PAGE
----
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The Dangerous Myths of Fukushima

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Exposing the "No Harm" Mantra

The myth that Fukushima radiation levels were too low to harm humans persists, a year after the meltdown.  A March 2, 2012 New York Times article quoted Vanderbilt University professor John Boice: “there’s no opportunity for conducting epidemiological studies that have any chance for success – the doses are just too low.”  Wolfgang Weiss of the UN Scientific Committee on the Effects of Atomic Radiation also recently said doses observed in screening of Japanese people “are very low.”

Views like these are political, not scientific, virtually identical to what the nuclear industry cheerleaders claim.  Nuclear Energy Institute spokesperson Tony Pietrangelo issued a statement in June that “no health effects are expected among the Japanese people as a result of the events at Fukushima.”

Where did the radioactive particles and gases go?  Officials from national meteorological agencies in countries like France and Austria followed the plume, and made colorful maps available on the internet.  Within six days of the meltdowns, the plume had reached the U.S., and within 18 days, it had circled the Northern Hemisphere.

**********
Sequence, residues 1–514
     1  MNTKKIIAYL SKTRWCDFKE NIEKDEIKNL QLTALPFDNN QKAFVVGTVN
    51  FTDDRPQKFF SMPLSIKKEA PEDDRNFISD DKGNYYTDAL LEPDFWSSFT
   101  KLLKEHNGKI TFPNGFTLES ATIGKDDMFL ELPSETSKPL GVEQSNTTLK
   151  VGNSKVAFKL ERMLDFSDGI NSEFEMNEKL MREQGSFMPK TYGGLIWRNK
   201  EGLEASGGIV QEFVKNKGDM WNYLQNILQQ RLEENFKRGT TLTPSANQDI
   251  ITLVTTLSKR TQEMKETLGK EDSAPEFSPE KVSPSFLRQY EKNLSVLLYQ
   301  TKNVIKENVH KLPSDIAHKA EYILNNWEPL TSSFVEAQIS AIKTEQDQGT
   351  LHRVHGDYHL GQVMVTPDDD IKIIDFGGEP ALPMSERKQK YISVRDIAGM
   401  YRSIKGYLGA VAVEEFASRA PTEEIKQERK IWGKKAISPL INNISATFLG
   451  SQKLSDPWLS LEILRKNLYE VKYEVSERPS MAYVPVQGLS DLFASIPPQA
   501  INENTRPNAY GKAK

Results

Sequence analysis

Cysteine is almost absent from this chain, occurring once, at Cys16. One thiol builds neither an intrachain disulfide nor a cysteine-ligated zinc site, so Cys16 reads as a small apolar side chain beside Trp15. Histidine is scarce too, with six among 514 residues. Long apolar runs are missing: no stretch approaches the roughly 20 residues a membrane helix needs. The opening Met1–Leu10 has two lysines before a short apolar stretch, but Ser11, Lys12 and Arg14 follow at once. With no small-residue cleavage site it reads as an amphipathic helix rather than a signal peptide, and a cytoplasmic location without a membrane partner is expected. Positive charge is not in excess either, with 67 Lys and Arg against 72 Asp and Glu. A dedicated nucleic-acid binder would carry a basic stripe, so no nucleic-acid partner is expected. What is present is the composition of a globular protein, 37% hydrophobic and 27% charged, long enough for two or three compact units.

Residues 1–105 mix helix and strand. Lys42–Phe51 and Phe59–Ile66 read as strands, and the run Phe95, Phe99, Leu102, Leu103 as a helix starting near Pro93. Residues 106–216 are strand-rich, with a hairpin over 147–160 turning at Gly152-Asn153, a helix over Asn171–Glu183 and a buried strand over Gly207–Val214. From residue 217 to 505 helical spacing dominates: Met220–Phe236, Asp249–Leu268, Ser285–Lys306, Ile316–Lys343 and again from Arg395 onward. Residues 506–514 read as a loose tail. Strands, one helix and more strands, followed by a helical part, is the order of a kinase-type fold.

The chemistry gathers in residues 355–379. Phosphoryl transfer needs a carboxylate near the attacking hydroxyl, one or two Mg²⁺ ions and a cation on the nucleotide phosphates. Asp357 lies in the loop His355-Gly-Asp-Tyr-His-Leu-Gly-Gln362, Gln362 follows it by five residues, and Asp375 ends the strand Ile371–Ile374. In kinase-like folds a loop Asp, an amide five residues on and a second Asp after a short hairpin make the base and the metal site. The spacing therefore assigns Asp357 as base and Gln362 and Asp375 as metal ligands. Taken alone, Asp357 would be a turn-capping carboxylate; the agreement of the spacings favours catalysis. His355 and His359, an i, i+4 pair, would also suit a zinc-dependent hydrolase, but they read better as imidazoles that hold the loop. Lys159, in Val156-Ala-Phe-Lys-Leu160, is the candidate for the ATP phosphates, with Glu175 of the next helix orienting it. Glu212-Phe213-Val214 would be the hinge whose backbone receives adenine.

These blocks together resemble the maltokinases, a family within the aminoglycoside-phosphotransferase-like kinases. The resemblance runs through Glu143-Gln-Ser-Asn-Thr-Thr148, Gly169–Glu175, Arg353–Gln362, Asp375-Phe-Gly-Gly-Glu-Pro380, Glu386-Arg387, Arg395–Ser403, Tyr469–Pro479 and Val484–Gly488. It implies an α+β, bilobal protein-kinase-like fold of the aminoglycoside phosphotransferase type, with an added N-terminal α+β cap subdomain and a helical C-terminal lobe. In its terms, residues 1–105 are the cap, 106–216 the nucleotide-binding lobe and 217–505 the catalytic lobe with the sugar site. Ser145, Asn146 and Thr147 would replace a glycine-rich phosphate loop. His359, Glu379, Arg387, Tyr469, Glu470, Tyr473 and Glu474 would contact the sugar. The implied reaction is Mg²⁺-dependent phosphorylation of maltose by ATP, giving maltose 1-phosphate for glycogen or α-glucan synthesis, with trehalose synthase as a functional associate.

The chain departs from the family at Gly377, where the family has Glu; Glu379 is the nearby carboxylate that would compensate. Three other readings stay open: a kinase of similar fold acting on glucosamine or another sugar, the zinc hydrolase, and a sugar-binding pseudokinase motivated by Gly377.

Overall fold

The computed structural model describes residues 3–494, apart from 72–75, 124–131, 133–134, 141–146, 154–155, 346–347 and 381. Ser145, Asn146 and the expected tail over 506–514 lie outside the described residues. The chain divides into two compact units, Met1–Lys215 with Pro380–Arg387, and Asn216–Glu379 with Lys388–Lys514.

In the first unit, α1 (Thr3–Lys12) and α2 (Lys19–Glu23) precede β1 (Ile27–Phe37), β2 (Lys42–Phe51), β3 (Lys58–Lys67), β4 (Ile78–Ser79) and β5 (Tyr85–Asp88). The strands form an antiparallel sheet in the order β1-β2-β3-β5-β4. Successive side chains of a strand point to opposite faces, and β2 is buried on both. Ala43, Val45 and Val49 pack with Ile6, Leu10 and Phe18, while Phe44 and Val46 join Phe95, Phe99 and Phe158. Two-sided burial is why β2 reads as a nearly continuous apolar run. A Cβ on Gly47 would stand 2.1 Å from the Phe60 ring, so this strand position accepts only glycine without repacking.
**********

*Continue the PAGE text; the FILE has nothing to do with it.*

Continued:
How much radiation entered the U.S. environment?  A July 2011 journal article by officials at Pacific Northwest National Lab in eastern Washington State measured airborne radioactive Xenon-133 up to 40,000 times greater than normal in the weeks following the fallout.  Xenon-133 is a gas that travels rapidly and does not enter the body, but signals that other, more dangerous types of radioactive chemicals will follow.


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